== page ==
Kicking goals for the tourism industry with Manu Samoa
The folks at the Samoa Meteorology Services are confident that it will be a fine day today, the perfect recipe for victory over a Tongan rugby union side.
There is a lot of expectations riding on this match and the Manu Samoa team and its coach Steve Jackson, especially after recording just five wins in the last three years, three of them against what the rugby world call minnows in Germany and Spain.
Their opponents the Ikale Tahi have played 16 tests since the last World Cup and won seven, a disjointed run but a somewhat better record than Manu.
Today’s match is also Jackson’s first on home soil since his appointment in September last year, his performance as coach will come under the radar from the moment the referee blows the whistle at 3.00pm to signal kick off.
Samoa’s road to success in the 2019 Rugby World Cup in Japan in September this year could very well depend on how the team performs against Tonga at the Apia Park Stadium this afternoon.
Anything is possible on the field today, especially coming a week after the conclusion of the hugely successful 2019 XVI Pacific Games, where Samoa created its own history by coming third in the overall medal tally.
With the support of a vocal and passionate crowd at Apia Park today, nothing should stop the Manu from creating their own slice of history. Building that foundation to launch a serious assault on the 2019 Rugby World Cup and increasing its prospects in the tournament can start in earnest today.
We cannot help but go back to the success of the recently concluded Pacific Games, and acknowledge how ordinary Samoan athletes rose to the occasion for their country. The potential to replicate Samoa’s success in the rugby union showpiece the Pacific Nations Cup is always there, but it is up to the players to take the game to the next level to claim victory.
And with the Rugby World Cup a month and 23 days away from kickoff, we can already think of the marketing potential of Samoa and its tourism market, especially with a global television audience footprint that is in the millions.
In fact, statistics from the last Rugby World Cup showed that there was an estimated audience of 120 million for the final and a record TV audience of 25 million in Japan to watch the match against Samoa.
The Manu is a globally recognised rugby brand and it is time stakeholders in Samoa’s tourism industry capitalise on that opportunity. Has Samoa Tourism (STA) ever thought about getting their website address printed on the jerseys worn by Manu players in this year’s Rugby World Cup? Imagine millions of TV viewers from around the world, who get to see flashes of the STA website address on players’ jerseys, opening the door to the marketing of Samoa as a tourism destination.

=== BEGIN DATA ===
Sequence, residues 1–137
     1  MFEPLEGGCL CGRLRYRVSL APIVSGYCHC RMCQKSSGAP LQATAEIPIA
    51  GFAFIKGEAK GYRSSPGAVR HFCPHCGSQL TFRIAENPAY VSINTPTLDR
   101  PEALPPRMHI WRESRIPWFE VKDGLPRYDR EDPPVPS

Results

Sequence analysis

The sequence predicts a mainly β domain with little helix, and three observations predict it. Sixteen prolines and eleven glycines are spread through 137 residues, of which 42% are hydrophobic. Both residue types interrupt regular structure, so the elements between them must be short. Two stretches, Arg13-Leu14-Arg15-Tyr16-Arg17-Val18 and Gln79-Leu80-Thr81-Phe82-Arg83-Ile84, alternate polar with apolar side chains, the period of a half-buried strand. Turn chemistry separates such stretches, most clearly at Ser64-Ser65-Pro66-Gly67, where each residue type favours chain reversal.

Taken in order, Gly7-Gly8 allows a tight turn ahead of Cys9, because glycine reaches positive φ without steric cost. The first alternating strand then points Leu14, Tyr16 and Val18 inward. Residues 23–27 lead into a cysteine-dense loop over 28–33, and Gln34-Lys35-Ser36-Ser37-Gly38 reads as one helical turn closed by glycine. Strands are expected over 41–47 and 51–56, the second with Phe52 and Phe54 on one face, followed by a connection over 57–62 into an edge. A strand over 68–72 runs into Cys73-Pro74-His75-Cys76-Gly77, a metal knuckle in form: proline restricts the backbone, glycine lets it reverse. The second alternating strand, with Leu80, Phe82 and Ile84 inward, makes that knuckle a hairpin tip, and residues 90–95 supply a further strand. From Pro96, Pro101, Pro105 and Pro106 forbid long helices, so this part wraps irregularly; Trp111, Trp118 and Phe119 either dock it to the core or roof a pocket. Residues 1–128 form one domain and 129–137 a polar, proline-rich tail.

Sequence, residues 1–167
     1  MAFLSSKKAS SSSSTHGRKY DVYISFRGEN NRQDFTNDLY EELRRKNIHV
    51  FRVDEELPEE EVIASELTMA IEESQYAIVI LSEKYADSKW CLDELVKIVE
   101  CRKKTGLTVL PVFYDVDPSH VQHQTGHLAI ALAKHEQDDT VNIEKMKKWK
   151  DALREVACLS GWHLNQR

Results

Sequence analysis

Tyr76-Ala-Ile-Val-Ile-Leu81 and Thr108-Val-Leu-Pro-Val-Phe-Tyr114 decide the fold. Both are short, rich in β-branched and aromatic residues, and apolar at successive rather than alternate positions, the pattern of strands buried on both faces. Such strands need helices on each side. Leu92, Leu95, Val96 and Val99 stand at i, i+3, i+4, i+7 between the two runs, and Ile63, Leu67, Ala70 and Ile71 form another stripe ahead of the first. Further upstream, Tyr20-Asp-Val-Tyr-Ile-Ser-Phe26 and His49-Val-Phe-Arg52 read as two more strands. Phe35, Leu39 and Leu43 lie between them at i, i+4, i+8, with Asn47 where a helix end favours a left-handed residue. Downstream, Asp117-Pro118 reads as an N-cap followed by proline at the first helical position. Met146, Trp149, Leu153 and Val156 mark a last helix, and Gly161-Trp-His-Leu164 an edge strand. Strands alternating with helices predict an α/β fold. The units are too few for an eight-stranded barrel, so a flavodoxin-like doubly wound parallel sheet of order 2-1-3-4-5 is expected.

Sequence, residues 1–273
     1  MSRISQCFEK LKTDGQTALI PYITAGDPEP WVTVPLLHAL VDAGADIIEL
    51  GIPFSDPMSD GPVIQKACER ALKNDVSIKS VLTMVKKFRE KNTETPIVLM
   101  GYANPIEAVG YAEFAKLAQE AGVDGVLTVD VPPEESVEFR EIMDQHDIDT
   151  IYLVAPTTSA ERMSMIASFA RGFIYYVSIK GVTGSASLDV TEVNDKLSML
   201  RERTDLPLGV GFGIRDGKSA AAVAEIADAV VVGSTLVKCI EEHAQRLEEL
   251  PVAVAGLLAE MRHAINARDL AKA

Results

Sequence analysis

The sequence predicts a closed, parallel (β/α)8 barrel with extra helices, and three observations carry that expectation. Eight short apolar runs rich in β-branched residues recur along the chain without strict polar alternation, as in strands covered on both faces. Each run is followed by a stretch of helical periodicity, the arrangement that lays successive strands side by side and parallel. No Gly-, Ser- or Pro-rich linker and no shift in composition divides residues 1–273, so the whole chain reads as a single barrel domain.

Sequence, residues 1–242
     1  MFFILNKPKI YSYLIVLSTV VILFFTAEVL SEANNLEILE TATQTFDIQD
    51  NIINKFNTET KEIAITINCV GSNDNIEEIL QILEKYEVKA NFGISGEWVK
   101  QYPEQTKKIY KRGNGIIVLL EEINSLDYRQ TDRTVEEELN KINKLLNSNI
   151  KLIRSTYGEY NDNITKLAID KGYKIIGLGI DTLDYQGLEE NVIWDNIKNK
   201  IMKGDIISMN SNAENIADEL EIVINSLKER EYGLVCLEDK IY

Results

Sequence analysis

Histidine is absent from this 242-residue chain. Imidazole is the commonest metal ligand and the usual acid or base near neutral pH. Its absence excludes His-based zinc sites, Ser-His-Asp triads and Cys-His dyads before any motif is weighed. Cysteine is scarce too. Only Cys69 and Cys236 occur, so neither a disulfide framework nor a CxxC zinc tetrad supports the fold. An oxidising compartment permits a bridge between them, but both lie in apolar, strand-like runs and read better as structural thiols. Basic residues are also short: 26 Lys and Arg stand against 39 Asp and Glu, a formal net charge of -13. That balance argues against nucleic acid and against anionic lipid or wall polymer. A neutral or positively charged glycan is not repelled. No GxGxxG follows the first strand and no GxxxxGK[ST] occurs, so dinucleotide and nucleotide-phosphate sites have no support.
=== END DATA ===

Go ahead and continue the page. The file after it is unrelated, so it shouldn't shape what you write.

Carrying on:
Imagine the exposure that the Manu 7s team could have given to the local tourism sector through the HSBC World Rugby Sevens Series, where they play in Dubai, Cape Town, Hamilton, Sydney, Las Vegas, Vancouver, Hong Kong, Singapore, London and Paris.
Any form of tourism marketing of Samoa on the global stage would be most welcome, especially by local hoteliers who are on the verge of losing their businesses to banks and financial institutions, following their failure to pay back millions of tala in loans due to low occupancy rates brought on by a downturn in the tourism sector.
With the Samoa Government continuing to invest millions in taxpayer funding into the operations of the Samoa Rugby Union (SRU), it is time for the powers-that-be to get a return on the people’s investment in that organisation. Using the success of the Manu, especially at the Sevens level through the HSBC World Rugby Series, to market the country’s tourism potential could reap long-term rewards.
But first things first. Let’s get out there and win that match against Tonga today. We believe the players and the coach have self belief, in restoring the glory days of that famous blue jumper. The fans are behind you and will be with you all the way.
Have a lovely Saturday Samoa and God bless.